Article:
The Ultimate Guide to Brighton Racecourse

BrightonBrighton Racecourse is situated approximately one mile to the northeast of the centre of the major seaside resort of Brighton, in the county of Sussex in south-eastern England. Set high on the South Downs, overlooking the city and the English Channel, Brighton Racecourse enjoys one of the most picturesque settings of any course in the country. The first official race meeting in Brighton took place in 1783, although the racecourse didn't move to its current location until 1822. The course originally extended an extra half a mile across what is now East Brighton Golf Club but, barring interruptions for World War I and World War II, racing has taken place on the same site ever since. Brighton Racecourse underwent refurbishment, at a cost of £4 million, in 1998 and is now part of the largest racecourse group in the country, Arena Racing Company.

For racegoers, Brighton Racecourse offers a choice of the Premier Enclosure, at £25 per person and the Grandstand & Paddock, at £20 per person. In both cases, concessions are available for senior citizens and students and admission is free for accompanied children. Like all the other Arena Racing Company racecourses, Brighton offers two premier badges for the price of one to all servicemen at all meetings.

In terms of corporate facilities, Brighton Racecourse offers a variety of flexible indoor and outdoor spaces capable of accommodating up to 1,000 people at a time. Conferences, exhibitions and meetings are all amply catered for, as well as larger, outdoor events, such as barbeques, drinks receptions and parties. Free car parking for over 1,500 vehicles is available, together with free Wi-Fi access across the entire site and an experienced events team is on hand to make sure corporate events run smoothly.

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Getting there

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What's unique about the course at Brighton?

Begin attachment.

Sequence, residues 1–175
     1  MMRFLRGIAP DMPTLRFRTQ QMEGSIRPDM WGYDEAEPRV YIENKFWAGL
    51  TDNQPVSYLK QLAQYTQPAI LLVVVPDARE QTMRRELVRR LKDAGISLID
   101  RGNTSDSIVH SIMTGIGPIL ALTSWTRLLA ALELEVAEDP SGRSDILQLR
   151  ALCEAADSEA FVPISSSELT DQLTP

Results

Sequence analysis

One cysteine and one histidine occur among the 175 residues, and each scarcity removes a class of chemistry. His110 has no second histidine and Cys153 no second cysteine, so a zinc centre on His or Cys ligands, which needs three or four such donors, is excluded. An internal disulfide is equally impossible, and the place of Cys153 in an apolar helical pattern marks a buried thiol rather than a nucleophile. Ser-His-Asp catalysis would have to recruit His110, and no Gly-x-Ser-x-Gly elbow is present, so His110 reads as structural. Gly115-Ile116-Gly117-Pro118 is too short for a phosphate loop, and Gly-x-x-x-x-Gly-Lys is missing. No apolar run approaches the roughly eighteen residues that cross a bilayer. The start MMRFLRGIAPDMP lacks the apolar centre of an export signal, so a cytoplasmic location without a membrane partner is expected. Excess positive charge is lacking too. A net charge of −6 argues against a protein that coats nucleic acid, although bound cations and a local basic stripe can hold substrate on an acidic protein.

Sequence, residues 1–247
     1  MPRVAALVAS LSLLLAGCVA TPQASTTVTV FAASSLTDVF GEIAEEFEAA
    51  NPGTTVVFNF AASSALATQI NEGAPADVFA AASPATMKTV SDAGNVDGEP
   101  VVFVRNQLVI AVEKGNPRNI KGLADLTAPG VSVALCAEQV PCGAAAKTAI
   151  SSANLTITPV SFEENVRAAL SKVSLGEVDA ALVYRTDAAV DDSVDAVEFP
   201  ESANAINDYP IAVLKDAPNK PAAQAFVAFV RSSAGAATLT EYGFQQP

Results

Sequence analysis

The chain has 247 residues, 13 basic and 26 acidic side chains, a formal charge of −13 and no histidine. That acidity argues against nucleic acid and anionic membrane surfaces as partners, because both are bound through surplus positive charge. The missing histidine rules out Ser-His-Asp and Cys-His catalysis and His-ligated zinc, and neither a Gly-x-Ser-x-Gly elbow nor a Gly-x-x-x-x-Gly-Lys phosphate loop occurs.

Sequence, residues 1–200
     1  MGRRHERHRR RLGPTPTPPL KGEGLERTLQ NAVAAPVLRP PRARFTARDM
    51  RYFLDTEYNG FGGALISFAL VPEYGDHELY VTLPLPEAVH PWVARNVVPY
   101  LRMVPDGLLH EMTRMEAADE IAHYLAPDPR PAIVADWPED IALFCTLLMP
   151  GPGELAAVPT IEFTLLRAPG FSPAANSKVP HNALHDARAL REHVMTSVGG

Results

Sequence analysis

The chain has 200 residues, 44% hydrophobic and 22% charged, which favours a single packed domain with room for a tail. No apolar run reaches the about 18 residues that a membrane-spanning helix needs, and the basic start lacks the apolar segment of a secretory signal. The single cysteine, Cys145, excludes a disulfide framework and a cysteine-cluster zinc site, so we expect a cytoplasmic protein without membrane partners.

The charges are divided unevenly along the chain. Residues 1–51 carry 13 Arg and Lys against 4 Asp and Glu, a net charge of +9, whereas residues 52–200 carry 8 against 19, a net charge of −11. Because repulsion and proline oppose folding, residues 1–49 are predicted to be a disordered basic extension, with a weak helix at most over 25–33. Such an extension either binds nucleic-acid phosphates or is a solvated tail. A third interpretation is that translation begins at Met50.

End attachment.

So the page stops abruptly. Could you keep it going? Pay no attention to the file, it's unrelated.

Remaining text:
Brighton draw
Brighton is a left-handed, undulating, sharp track in the shape of a horseshoe approximately a mile and a half in length. The mile and a half start is the lowest point of the course and there is an uphill climb from the two furlong marker to the winning post, which is the highest point.

The pronounced undulations and camber towards the inside of the track throughout the three and a half furlong straight means that Brighton is better suited to handy, nimble horses than their big, long-striding counterparts.

Indeed, the idiosyncrasies of the track tend to produce course specialists, so it's worth noting horses with previous winning form. Brighton is one of the few racecourses in the country that is not a complete circuit, so races beyond a mile and a half are a physical impossibility. There is no obvious draw bias at Brighton.

Notable Races and Events

Frozen OverBrighton Racecourse currently plays host to a total of 21 fixtures a year, the most notable of which is the three-day August Festival. The highlights of the August Festival include the Brighton Mile Challenge Trophy, run over 7 furlongs 214 yards on the opening day and the Brighton Challenge Cup, run over 1 mile 3 furlongs 196 yards on the following day, known as Ladies Day.

In 2012, the Brighton Mile Challenge Trophy was won by Stuart Kittow's 4-year-old Frozen Over, ridden by Mickael Barzalona. Stuart Kittow, based at Blackborough in Devon, had previously trained just one winner a Brighton, Dancing Storm back in 2007. On Ladies Day in 2012, with visibility reduced to less than a furlong, on occasions, by fog rolling in off the English Channel, jockey Darryl “Dazzler” Holland rode a 4,142/1 four-timer, which included 14/1 winner of the Brighton Challenge Cup, Ethics Girl. The 6-year-old mare's victory was cause for celebration by Newmarket trainer John Berry and Brighton-born co-owner Lawrence Wadey who, jointly, had been trying to win the Brighton Challenge Cup for many years.

Seb SandersAnother notable performance at the 2012 August Festival was that of Ronald Harris' 4-year-old Prodigality, who travelled well to win the Brighton Bullet Handicap, over 6 furlongs, by 2 lengths under 5lb claimer Darren Egan. Prodigality was a beaten favourite in the prestigious Portland Handicap, over 5 furlongs 140 yards, at Doncaster later in the season and went up 18lb in the handicap between August and his final start of the season in October.

Top Owners, Jockeys and Trainers

Seb Sanders is the leading jockey at Brighton over the last five seasons with 25 winners from 120 rides, six winners ahead of Chris Catlin with 19 winners from 129 rides.

Godolphin is the leading owner in the same period with 9 winners from 28 runners, although the Maktoum family's private stable is only one ahead of Dr. Marwan Koukash with 8 winners from 13 runners and a remarkable 62% strike rate. In terms of the number of winners trained, David Evans leads the way with 20 winners from 148 runners, although Richard Hannon, with 17 winners from 58 runners and David Simcock, with 17 winners from 50 runners, both have higher strike rates.

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